On this date in 1993, the Supreme Court decided Coffman v. Keene Corp., 133 N.J. 581 (1993). This was a case brought by an asbestos worker. As Justice Handler, writing for a unanimous Court, said, “[p]laintiff claimed that defendant had violated its duty to warn consumers of the health hazards associated with asbestos products. Defendant took the position that the absence of such a warning did not proximately contribute to plaintiff’s injuries because there was no evidence proffered that plaintiff would have followed such a warning, and therefore no proof that the failure to warn had contributed to plaintiff’s injuries.” The trial judge instructed the jury to presume that, had defendant given a warning, plaintiff would have followed it. That enabled plaintiff to prevail at trial, since defendant offered no contrary evidence.
The Appellate Division affirmed on defendant’s appeal, and this case, and a companion case decided that same day, Theer v. Philip Carey Co., 133 N.J. 610 (1993), reached the Supreme Court. As Justice Handler phrased it, the issue presented was “whether, in a strict liability failure-to-warn case, we should recognize a rebuttable presumption that had a warning been provided by the manufacturer, the plaintiff would have heeded that warning by acting to minimize the risk of injury, and whether that presumption, if unrebutted, may constitute proof that a defendant’s failure to warn contributed to the plaintiff’s injuries.” The Court answered both components of that question “yes.”
The Appellate Division had found support for such a “heeding presumption” in Campos v. Firestone Tire & Rubber Co., 98 N.J. 198 (1984). Justice Handler agreed with defendant’s argument that, in fact, Campos “did not establish the use of a heeding presumption in failure-to-warn cases.”
The Appellate Division also relied on comment j to section 402A of the Restatement (Second) of Torts. “Referring to comment j, the Appellate Division stated that if an adequate warning exists, a product is no longer considered defective, because when a manufacturer provides a warning, ‘the seller may reasonably assume that it will be read and heeded.’ The Appellate Division concluded that because a manufacturer or seller would benefit when a warning was provided, ‘a logical corollary of Comment j is that the buyer or user should benefit where a warning is not given.’ Consequently, ‘if a seller or manufacturer is entitled to a presumption that an adequate warning will be read and heeded, plaintiff should be entitled to the same presumption when no warning is given'” (citations omitted).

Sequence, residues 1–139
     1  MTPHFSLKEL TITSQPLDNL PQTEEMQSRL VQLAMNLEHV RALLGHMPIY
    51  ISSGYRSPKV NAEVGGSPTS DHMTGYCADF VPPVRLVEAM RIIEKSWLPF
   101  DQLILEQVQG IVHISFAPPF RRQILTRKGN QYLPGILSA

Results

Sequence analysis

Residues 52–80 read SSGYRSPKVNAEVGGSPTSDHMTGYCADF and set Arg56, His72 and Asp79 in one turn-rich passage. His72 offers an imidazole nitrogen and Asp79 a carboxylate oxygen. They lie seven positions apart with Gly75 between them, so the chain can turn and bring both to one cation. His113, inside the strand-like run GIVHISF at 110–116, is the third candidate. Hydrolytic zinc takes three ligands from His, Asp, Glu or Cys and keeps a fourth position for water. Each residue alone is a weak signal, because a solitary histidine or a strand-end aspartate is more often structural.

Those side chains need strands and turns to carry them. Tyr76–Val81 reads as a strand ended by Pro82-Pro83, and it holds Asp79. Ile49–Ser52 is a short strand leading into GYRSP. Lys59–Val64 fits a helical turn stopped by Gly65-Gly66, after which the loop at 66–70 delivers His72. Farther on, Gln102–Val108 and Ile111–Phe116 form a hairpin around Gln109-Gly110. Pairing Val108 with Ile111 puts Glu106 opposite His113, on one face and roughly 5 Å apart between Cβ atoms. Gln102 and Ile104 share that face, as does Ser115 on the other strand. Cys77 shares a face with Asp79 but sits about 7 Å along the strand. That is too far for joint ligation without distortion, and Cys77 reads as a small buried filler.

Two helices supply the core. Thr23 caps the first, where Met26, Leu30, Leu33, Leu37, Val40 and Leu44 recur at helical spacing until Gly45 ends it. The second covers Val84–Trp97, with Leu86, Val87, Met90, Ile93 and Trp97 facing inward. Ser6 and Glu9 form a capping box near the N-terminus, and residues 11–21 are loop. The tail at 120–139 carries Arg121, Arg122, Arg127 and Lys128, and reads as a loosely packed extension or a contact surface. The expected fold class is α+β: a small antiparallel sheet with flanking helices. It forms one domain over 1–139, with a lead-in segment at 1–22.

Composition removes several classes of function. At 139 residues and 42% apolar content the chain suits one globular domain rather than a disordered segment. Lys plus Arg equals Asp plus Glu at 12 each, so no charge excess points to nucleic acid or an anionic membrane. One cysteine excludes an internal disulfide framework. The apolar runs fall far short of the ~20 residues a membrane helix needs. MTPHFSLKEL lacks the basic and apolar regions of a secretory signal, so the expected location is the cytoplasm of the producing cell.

Accepting defendant’s argument regarding that Restatement comment, the Court acknowledged that, in fact, “the heeding presumption is not firmly based on empirical evidence. It is not therefore a ‘natural’ or ‘logical’ presumption.” But Justice Handler noted that, despite that, “the creation of a presumption can be grounded in public policy.” He observed that the Court had “often adopted or used presumptions in [the product liability] context in order to advance our goals of fostering greater product safety and enabling victims of unsafe commercial products to obtain fair redress.”
Citing an Indiana case, Justice Handler said that “[t]he heeding presumption thus serves to reinforce the basic duty to warn—to encourage manufacturers to produce safer products, and to alert users of the hazards arising from the use of those products through effective warnings. The duty to warn exists not only to protect and alert product users but to encourage manufacturers and industries, which benefit from placing products into the stream of commerce, to remain apprised of the hazards posed by a product. The use of the heeding presumption provides a powerful incentive for manufacturers to abide by their duty to provide adequate warnings.” Justice Handler also cited “[a] great many jurisdictions” that had adopted the heeding presumption, whether based on comment j to the Restatement section or without reliance on that comment.
The Court rebuffed defendant’s argument that adopting the heeding presumption was unfair and that the presumption could not realistically be rebutted. “Unfortunately, there are examples of employers who fail to take reasonable measures to assure the safety and health of their employees in the face of warnings. Thus, in a given case, the defendant may be able to establish that the employer’s conduct, not the failure to warn, was the cause in fact of the injuries attributable to the harmful product. An employer’s conduct, in either thwarting effective dissemination of a warning or intentionally preventing employees from heeding a warning, may be a subsequent supervening cause of an employee’s injury that will serve to break the chain of causation between manufacturer and employee. Thus, if an employer’s subsequent course of misconduct is an independent cause of an employee’s injury, the absence of a warning itself may have too remote a causal connection to the injury” (citations omitted).
Accordingly, the Court held that “to overcome the heeding presumption in a failure-to-warn case involving a product used in the workplace, the manufacturer must prove that had an adequate warning been provided, the plaintiff-employee with meaningful choice would not have heeded the warning. Alternatively, to overcome the heeding presumption, the manufacturer must show that had an adequate warning been provided, the employer itself would not have heeded the warning by taking reasonable precautions for the safety of its employees and would not have allowed its employees to take measures to avoid or minimize the harm from their use or exposure to the dangerous product.” The Court affirmed the rulings of the courts below in favor of plaintiff.
Twenty eight years after Coffman, the heeding presumption remains a fixture of New Jersey law. Coffman itself has been cited, for various principles, hundreds of times.